What is Mercury Made Of?

Mercury looks something like our own Moon, and it is the solar system’s smallest planet. In addition, Mercury is the closest planet to the Sun, whose behavior significantly impacts it. So, what is Mercury made of?

Mercury is a terrestrial planet, and like its three nearest planetary neighbors, it has a core, mantle, and crust. However, the planet’s core is proportionally larger than its neighbors. And scientists think that’s because Mercury’s had a chaotic, frantic beginning.

Let’s start with the planet’s formation to see what Mercury is made of.

Photo Credit: NASA

Mercury’s Formation

About 4.5 billion years ago, gravity pulled together dust, silicate rocks, and swirling gas to create Mercury. It is primarily made of iron.

How Our Solar System Likely Formed

Scientists continue studying planets to understand their formation, but the core accretion model is the most widely accepted model for terrestrial planets like Mercury. Here’s a brief description of the events.

  • The solar system was a solar nebula, basically a dust and gas cloud 4.6 billion years ago.
  • Gravity caused a collapse of the material, which folded in upon itself and started spinning.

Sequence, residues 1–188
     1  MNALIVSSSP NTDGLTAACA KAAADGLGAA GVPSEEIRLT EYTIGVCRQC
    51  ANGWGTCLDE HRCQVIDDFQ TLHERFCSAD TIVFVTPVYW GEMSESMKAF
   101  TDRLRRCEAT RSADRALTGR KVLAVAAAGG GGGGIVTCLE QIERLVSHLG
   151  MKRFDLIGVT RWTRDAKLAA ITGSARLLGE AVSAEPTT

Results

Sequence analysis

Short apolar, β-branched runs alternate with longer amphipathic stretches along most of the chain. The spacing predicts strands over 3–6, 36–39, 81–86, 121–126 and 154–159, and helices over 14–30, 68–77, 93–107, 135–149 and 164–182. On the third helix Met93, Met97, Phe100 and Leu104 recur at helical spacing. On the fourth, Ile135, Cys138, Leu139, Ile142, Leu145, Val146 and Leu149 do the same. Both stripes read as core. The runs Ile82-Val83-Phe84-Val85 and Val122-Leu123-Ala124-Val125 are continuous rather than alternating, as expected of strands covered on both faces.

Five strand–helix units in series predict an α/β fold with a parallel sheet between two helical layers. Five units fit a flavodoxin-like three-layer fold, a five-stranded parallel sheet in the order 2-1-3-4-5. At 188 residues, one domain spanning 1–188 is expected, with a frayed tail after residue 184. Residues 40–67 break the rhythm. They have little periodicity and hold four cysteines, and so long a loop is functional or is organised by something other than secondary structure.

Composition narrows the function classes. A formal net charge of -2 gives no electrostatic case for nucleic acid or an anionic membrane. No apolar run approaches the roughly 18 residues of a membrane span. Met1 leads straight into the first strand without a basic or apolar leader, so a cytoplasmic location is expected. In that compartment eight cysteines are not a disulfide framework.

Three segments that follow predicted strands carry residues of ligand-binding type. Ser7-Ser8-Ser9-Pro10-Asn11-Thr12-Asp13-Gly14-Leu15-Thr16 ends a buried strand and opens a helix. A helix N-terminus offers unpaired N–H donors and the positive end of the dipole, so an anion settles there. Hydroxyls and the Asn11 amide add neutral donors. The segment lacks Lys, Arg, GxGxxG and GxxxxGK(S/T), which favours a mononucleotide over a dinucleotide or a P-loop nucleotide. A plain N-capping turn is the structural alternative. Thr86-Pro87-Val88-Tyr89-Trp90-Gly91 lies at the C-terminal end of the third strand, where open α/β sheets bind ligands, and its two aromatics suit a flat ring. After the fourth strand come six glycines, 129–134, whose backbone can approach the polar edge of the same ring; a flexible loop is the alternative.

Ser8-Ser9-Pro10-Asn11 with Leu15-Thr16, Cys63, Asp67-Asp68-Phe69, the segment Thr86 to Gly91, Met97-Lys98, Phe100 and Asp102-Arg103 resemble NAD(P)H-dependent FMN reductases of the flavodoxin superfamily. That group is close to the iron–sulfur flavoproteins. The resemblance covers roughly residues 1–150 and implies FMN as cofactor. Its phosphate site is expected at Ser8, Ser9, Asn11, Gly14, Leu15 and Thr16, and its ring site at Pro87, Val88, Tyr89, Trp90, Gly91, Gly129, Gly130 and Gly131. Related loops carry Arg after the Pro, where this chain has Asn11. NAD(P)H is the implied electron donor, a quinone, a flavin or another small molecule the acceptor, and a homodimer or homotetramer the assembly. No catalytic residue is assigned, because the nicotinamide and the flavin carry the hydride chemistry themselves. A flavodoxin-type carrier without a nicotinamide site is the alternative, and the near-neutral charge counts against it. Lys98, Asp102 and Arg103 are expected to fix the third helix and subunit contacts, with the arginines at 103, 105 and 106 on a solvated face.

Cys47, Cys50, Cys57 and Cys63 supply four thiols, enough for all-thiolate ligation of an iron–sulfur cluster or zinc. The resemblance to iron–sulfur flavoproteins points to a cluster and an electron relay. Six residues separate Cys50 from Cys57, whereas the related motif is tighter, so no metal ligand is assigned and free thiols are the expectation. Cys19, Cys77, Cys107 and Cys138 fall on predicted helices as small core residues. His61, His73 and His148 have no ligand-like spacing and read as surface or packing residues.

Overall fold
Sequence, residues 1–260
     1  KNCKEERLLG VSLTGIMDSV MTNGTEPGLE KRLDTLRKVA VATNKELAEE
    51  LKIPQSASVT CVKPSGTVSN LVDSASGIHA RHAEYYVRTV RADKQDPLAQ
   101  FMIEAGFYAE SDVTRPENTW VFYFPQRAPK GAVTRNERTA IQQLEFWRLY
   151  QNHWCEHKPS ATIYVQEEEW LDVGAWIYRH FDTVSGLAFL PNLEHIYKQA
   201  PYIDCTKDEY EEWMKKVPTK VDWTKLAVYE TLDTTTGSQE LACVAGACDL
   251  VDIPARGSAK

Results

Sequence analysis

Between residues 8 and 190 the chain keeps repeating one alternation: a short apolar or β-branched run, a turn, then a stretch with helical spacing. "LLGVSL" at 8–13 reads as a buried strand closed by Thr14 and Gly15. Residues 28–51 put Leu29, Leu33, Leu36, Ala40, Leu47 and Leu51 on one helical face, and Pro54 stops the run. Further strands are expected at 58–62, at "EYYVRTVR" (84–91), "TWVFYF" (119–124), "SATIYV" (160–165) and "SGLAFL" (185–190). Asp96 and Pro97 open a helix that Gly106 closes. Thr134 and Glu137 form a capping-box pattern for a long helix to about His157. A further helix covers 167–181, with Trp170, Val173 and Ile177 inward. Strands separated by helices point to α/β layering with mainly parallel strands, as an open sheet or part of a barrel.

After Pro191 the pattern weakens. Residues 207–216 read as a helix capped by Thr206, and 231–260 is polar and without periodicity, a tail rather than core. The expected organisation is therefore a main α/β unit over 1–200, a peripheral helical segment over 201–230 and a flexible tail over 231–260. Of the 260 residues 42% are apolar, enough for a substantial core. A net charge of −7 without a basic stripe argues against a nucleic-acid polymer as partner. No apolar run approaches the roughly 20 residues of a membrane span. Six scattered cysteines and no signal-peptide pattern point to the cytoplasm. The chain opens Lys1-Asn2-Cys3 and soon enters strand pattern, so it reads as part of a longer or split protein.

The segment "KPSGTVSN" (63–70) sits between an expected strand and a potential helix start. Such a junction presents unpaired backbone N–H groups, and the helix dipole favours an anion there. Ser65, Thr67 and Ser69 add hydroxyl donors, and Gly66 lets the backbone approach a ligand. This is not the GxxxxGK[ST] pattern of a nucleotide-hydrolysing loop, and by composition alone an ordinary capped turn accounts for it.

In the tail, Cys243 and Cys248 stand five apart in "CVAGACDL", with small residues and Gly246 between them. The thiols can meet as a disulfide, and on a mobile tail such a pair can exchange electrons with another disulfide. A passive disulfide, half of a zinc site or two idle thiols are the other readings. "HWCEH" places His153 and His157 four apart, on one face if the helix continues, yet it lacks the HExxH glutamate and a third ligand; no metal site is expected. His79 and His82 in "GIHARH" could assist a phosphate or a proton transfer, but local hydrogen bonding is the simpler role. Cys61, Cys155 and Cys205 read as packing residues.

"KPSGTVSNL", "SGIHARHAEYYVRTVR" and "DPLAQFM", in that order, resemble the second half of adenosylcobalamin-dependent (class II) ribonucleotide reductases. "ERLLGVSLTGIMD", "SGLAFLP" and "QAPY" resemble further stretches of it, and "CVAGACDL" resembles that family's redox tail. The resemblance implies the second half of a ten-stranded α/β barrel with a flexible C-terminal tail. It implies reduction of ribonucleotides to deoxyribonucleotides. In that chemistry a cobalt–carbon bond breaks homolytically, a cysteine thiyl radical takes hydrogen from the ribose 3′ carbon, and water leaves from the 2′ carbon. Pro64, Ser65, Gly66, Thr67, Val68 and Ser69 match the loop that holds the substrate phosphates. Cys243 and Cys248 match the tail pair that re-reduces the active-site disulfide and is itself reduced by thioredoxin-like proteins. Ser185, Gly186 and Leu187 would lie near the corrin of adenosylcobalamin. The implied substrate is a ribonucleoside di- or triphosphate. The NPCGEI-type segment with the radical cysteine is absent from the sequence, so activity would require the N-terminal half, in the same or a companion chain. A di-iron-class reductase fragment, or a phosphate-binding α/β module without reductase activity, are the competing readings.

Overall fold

• The Sun formed in the nebula’s center.
  • As the Sun formed, the rest of the materials began clumping up.
  • Gravity pulls small particles together, forming them into larger chunks of particles.
  • Solar winds blew away lighter elements, leaving the heavier rock materials to create the terrestrial worlds.
  • Further from the Sun, solar winds impacted the lighter elements less. So they merged into the gas giants.

How Mercury Likely Formed

Mercury’s metallic core came together first. And then, it pulled lighter elements close to form the crust and mantle. Then, finally, it continued the collection process to gather an atmosphere. But because Mercury stayed small and close to the Sun, the powerful solar winds continuously stripped it of its atmospheric gasses.

Interestingly, Mercury’s atmosphere forms from gasses the solar winds bounce into it. And the same winds strip gasses to keep the atmosphere so thin.

What is Mercury Made Of?

Mercury is mainly made of iron and has a crater-filled pock-marked surface.

Mercury’s Surface

The planet’s surface looks similar to the Moon. The early solar system days proved violent, with many collisions, volcanic eruptions, and impacts. As a result, Mercury’s surface is full of craters.

For example, Mercury’s Caloris basin is a vast volcanic crater stretching almost 1,000 miles (1,600 kilometers) over the surface. A giant ring of mountains and volcanic vents surrounds it. NASA’s 2008 MESSENGER gave scientists the first views of the vast crater.